The Planning Commission recommended approval after holding a public hearing last week.
The textile mill once stood as New Braunfels’ largest employer.
Planters and Merchants Mill of San Antonio bought the land where the mill sits in 1921, according to a column by Myra Lee Adams Goff, a local historian and author. They built a textile mill for the manufacture of fine cotton ginghams.
The plant opened as a chartered business on Porter Street in 1923.
In 1929 Planters and Merchants declared bankruptcy and closed for about a month. The mill was reorganized in August of 1931 under the name of New Braunfels Textile Mills.
The New Braunfels Textile Mill then became the Mission Valley Mills and then West Point Pepperell. During World War I, all textiles were devoted to the war effort, according to Goff, but the textile mill industry flourished after the war when materials became more plentiful. After World War II, the mill expanded, and a retail operation began.
In 2004, according to previous Herald-Zeitung stories, the last in several rounds of layoffs took place at the plant acquired by Plains Cotton Cooperative Association in the 1990s. According to newspaper reports, the American Textile Manufacturers Association blamed cheap imports on the loss of American textile jobs.
The plant shut its doors in 2005.
The meeting also saw council members recognize administrative assistant Sandy Ellison on the occasion of her retirement.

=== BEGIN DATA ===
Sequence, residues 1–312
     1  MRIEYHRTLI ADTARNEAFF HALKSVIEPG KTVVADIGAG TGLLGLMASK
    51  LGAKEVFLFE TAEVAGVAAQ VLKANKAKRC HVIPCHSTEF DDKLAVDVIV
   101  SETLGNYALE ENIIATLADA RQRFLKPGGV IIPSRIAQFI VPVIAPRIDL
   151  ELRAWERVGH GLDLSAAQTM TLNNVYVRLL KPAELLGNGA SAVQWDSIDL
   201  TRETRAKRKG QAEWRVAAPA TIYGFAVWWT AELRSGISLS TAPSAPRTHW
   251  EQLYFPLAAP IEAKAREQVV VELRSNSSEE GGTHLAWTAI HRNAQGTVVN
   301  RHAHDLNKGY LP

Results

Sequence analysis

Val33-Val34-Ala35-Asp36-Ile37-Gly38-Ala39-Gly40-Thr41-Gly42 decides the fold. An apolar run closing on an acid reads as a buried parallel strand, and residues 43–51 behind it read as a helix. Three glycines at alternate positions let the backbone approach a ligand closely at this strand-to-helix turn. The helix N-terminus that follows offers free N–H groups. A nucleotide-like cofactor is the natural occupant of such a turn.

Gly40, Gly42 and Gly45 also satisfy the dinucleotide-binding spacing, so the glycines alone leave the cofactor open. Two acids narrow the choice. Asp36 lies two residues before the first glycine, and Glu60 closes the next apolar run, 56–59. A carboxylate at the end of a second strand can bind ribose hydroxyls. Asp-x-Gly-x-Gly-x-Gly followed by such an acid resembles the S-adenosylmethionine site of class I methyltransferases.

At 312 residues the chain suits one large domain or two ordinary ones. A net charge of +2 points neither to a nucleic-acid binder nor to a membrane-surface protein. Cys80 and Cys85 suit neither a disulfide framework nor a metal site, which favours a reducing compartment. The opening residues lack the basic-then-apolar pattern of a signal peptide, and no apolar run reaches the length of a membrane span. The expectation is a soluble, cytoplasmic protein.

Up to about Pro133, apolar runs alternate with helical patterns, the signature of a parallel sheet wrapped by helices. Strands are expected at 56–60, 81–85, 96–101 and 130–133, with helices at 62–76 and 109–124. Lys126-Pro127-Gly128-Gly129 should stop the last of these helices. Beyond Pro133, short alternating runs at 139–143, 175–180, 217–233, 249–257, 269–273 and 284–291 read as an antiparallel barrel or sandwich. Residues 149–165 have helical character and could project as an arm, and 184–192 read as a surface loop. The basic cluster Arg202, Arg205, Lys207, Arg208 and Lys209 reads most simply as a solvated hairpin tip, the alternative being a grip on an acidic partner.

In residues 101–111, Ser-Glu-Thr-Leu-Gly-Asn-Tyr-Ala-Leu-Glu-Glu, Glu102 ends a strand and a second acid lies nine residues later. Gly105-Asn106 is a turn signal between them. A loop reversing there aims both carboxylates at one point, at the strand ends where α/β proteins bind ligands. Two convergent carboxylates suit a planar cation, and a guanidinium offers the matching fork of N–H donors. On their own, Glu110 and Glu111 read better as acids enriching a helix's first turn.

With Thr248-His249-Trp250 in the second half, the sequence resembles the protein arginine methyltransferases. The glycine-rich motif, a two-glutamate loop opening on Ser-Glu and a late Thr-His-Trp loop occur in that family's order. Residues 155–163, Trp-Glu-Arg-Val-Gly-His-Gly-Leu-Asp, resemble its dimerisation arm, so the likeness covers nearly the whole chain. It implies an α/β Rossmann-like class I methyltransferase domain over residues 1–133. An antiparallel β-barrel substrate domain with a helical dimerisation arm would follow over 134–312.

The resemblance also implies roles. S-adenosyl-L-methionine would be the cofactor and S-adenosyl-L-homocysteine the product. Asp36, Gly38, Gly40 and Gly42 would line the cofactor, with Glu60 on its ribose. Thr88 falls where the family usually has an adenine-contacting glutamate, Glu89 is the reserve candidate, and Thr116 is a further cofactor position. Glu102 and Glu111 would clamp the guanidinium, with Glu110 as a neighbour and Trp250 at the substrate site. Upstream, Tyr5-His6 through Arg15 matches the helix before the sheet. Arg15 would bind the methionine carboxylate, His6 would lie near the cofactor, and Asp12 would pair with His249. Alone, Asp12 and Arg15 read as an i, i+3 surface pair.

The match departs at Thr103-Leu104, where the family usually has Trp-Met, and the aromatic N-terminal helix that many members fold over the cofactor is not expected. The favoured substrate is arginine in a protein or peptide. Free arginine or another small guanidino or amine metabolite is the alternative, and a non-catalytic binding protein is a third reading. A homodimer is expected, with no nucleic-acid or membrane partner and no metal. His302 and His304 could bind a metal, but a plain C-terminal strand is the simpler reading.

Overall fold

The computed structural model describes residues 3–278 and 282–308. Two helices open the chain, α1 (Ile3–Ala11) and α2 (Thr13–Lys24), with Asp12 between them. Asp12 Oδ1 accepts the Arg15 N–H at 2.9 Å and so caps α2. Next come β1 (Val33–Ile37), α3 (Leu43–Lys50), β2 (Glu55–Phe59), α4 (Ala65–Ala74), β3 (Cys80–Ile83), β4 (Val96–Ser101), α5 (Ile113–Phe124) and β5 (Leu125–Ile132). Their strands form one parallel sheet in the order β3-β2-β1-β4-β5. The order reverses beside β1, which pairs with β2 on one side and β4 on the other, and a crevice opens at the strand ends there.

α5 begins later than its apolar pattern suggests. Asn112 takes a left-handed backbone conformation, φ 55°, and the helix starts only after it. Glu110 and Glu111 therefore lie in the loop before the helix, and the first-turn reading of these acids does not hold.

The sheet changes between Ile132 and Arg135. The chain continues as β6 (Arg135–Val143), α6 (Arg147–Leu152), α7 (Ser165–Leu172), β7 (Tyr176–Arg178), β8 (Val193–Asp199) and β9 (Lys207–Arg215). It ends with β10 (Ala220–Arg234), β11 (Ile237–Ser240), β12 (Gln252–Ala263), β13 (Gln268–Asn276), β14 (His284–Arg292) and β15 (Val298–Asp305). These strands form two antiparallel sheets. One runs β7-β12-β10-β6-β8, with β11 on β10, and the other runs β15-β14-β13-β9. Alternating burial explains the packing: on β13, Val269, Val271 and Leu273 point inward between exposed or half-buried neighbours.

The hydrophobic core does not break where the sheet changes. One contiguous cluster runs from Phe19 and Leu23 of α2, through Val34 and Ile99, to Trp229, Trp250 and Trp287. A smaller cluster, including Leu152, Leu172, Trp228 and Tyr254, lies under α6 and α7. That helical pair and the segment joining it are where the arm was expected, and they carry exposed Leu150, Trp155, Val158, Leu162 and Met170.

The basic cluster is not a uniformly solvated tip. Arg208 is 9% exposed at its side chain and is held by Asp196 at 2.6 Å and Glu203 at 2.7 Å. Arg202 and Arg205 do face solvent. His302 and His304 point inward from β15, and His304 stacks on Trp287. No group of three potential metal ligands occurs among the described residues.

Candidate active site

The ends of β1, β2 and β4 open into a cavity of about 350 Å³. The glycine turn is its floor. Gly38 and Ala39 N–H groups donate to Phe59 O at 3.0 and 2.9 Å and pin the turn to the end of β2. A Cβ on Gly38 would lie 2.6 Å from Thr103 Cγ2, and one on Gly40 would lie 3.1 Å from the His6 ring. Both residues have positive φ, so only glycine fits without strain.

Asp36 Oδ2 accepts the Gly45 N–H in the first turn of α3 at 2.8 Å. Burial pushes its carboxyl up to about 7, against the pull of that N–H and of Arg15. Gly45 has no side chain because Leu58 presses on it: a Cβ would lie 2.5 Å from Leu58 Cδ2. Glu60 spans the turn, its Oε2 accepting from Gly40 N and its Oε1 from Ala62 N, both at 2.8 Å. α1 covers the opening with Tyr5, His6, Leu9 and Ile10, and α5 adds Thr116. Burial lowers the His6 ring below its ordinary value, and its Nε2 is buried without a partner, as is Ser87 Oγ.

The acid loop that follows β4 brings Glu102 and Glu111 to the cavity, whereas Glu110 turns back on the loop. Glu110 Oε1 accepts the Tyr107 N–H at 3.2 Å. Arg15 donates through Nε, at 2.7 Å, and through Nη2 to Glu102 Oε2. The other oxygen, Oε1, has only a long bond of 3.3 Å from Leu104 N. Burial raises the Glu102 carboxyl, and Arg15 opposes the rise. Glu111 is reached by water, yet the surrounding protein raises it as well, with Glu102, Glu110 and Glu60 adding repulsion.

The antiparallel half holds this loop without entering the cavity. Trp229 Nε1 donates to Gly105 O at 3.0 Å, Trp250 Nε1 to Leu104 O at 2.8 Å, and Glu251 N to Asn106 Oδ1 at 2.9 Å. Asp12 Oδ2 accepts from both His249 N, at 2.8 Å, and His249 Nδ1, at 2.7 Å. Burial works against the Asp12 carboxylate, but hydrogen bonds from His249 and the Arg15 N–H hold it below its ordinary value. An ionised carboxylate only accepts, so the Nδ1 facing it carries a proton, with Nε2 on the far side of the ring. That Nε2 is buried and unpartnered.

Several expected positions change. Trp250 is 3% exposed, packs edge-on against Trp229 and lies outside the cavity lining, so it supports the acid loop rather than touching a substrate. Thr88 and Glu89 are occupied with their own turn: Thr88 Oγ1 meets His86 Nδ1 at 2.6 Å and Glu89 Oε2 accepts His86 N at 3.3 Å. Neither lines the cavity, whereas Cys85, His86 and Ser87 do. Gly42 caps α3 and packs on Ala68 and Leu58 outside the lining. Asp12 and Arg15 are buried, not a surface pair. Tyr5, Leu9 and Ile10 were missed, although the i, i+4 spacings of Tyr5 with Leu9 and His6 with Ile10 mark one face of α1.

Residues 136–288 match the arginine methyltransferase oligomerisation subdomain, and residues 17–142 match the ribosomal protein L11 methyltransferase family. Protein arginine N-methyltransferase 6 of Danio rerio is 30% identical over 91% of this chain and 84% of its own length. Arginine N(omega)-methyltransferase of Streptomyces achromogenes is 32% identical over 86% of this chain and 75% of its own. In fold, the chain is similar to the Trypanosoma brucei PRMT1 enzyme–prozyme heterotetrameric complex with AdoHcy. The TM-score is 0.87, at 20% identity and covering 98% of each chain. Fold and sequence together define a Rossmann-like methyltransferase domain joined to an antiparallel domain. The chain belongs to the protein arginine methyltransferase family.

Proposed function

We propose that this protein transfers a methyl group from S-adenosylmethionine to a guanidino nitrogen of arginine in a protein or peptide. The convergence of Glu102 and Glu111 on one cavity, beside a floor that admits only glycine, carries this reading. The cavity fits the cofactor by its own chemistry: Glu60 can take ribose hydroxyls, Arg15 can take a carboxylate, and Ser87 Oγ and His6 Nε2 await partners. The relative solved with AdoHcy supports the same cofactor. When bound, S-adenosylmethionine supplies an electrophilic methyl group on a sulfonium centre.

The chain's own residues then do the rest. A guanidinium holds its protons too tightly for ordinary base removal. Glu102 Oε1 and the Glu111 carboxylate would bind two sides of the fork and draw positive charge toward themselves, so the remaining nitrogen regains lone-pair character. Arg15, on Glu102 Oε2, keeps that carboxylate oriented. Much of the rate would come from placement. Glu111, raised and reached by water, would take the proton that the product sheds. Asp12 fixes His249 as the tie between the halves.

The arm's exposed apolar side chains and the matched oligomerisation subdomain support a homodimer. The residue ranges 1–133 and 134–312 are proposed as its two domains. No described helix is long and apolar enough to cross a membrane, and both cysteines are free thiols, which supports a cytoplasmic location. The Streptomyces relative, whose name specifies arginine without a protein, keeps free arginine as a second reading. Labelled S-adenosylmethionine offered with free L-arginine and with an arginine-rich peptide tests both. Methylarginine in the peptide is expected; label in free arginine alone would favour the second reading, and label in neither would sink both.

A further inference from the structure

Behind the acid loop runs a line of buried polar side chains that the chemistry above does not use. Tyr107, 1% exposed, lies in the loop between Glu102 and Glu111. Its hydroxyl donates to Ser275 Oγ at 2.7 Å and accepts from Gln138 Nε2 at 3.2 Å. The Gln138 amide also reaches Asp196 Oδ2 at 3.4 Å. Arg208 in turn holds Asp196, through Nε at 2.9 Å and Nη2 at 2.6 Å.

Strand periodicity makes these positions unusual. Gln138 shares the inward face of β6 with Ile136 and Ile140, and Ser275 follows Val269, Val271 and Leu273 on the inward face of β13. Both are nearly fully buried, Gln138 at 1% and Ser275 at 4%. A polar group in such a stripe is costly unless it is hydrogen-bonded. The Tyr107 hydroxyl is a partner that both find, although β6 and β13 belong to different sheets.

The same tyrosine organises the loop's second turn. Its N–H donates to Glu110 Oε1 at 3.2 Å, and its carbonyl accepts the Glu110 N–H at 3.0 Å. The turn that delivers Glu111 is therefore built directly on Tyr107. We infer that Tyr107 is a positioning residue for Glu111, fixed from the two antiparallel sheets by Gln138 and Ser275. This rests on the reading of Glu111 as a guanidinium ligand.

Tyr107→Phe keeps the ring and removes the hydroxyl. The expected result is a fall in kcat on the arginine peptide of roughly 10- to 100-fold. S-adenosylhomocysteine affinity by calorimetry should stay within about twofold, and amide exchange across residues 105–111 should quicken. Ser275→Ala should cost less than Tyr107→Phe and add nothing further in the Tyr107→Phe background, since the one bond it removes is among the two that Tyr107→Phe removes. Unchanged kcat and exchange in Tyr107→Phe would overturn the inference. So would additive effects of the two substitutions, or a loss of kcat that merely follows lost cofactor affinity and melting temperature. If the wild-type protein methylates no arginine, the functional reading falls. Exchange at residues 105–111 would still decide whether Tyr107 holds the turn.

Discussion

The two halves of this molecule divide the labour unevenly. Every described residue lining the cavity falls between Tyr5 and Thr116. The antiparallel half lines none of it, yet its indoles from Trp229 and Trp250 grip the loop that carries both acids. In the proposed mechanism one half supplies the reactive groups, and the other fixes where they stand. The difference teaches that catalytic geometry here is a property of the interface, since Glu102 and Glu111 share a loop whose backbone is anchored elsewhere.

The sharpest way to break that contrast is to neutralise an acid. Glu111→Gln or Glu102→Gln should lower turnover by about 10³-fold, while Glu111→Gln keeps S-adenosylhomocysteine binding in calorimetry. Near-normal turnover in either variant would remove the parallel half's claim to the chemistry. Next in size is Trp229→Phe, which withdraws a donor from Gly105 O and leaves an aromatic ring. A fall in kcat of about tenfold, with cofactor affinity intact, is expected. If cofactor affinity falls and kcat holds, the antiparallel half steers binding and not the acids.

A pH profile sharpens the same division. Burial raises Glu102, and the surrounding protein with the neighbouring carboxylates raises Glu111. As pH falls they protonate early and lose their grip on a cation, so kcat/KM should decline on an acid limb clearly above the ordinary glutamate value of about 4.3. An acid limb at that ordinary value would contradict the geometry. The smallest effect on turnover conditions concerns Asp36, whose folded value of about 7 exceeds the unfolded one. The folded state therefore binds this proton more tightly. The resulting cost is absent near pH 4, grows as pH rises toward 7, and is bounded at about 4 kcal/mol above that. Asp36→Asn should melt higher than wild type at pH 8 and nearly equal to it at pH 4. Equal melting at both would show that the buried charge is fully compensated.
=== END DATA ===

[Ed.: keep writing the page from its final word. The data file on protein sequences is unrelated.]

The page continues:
In other action during Monday’s meeting, council members:
• Approved a request for the city to consent to the addition of 19.993 acres into the existing Lone Oak Farm Municipal Utility District located on the south side of FM 758, about 1,400 feet west of the intersection of State Highway 123.
• Approved a request to consent to the creation of Comal County Municipal Utility District No. 4 within the city’s exterritorial jurisdiction in Comal County, consisting of about 349.7 acres located on the north side of FM 1863, across from Krueger Canyon and Word Ranch Roads.
• Overturned a decision from the Historic Landmark Commission that denied a Certification of Alteration to construct a new single-family dwelling located on 456 Magazine Ave., located within the Sophienburg Hill Historic District.
• Appointed Heather Harrison to the Bond Advisory Committee as the River Advisory Committee’s representative.
• Appointed Brad T. Bechtol to the Bond Advisory Committee as the Watershed Advisory Committee’s representative.
• Adopted a project and finance plan for Tax Increment Reinvestment Zone No. 3 and established the composition and qualifications of the board.
• Approved a resolution designating Assistant City Manager Jared Werner and Finance Director Sandy Paulos as investment officers for the city.
• Approved an advanced funding agreement with the Texas Department of Transportation for the project development and construction of traffic safety improvements on County Line Road and Hanz Drive. Under the agreement, TxDOT is responsible for bidding and cost of construction up to $601,588, while the city is responsible for design, state design review and construction-cost overruns.
• Approved an agreement with TxDOT for fixed-price joint participation in right-of-way costs associated with highway improvements at Loop 337 at River Road. Under the agreement, TxDOT is responsible for 100% of the costs of design and construction and 90% of the costs of right of way acquisition, while the city is responsible for 10% of the cost of right of way acquisition and is outlined as a fixed cost of $14,869.